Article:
I KNOW for a FACT that coyotes attack cattle out our way. I've seen the results of their damage, as well as know of confirmed coyote kills. Maybe they don't bother cows/cattle in confined operations, but here ... where it takes over 100 acres to support a cow ... there's a lot of territory to protect and the coyotes have the upper hand for a lot of it.

I also know that you can train a good quality LGD to patrol his a "territory" as an independent guardian. Ours know the territory of our ranch, and don't go out on "patrol" much past the fence lines around the perimeter ... in some areas, we are "open range", and don't have a fence at all between us and our neighbor's land. For the most part, our LGD's stay with the sheep they've bonded with and know to protect. The LGD's don't go very far from their charges.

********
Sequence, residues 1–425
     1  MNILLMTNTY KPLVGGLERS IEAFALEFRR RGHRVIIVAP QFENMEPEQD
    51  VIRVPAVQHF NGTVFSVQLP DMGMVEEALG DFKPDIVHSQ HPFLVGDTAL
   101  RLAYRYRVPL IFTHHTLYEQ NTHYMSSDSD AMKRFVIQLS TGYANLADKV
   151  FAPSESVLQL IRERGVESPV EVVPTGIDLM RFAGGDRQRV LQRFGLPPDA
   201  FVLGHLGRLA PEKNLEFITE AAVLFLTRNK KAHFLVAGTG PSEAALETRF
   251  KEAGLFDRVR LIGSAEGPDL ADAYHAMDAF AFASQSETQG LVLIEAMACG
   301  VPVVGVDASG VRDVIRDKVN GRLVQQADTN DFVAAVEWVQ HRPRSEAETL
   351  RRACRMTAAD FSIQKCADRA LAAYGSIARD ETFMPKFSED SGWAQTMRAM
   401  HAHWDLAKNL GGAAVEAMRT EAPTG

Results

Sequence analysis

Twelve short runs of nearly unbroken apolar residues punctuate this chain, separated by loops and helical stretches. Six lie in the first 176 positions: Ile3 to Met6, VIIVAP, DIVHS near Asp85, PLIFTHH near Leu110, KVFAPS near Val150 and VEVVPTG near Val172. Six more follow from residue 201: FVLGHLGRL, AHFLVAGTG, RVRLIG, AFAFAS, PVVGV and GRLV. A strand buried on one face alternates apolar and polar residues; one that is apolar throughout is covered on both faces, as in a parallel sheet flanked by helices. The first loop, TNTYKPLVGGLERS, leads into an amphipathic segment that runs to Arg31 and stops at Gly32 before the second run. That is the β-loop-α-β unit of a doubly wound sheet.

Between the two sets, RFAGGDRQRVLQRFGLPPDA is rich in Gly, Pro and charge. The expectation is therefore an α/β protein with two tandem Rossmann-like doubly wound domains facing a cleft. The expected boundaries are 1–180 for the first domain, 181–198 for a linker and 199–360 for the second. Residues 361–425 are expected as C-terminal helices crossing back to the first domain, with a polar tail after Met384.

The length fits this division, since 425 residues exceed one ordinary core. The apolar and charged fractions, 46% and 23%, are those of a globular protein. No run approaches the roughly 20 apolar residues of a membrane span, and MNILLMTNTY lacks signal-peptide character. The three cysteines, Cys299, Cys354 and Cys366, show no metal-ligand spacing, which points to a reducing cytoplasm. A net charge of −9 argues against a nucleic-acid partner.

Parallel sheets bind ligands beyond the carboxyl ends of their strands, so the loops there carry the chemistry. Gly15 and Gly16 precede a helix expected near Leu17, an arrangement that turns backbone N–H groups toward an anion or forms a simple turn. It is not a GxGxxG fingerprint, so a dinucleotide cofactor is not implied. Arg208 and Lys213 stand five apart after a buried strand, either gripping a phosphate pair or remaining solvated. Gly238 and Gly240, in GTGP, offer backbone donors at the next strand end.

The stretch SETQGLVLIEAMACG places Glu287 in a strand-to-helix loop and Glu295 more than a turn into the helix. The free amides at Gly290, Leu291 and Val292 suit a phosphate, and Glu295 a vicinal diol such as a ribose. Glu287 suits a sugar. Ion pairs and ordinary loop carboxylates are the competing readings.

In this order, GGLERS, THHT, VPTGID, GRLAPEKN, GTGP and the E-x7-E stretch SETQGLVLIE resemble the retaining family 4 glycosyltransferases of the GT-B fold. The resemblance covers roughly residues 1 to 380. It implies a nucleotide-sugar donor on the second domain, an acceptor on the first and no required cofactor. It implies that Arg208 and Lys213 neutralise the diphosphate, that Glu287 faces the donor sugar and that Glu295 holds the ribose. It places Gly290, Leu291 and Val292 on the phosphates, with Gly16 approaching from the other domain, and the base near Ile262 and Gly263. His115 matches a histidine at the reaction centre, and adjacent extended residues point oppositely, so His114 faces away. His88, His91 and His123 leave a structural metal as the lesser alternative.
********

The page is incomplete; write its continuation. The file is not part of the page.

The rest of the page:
The breeders we got our LGD's from run large ranches ... 25,000 and 45,000 acres. The dogs are not confined in any way, but stay with their sheep flocks out in the field from the day they're born until they are too old to fend for themselves against the predators any longer. Then, they're retired to the barns and corrals.

Having had less than a good experience with both llamas (we even ran a "rescue" as a means to acquire more of them) and donkeys for guardian functions ... I'll take the LGD's anytime. Even though it means another bunch of mouths to feed and work for us ... it's worth it. Wouldn't have my sheep protected without them.
Reply With Quote Quick reply to this message
 
Old 04-05-2009, 08:34 PM
 
Location: Oklahoma(formerly SoCalif) Originally Mich,
13,387 posts, read 16,962,646 times
Reputation: 4611
Quote:
Originally Posted by sunsprit View Post
I suspect that the report re "coyote's don't attack cows" comes from two entirely different perspectives ...

1) a dairy operation

2) wide open large prairie acreage cattle operations in the West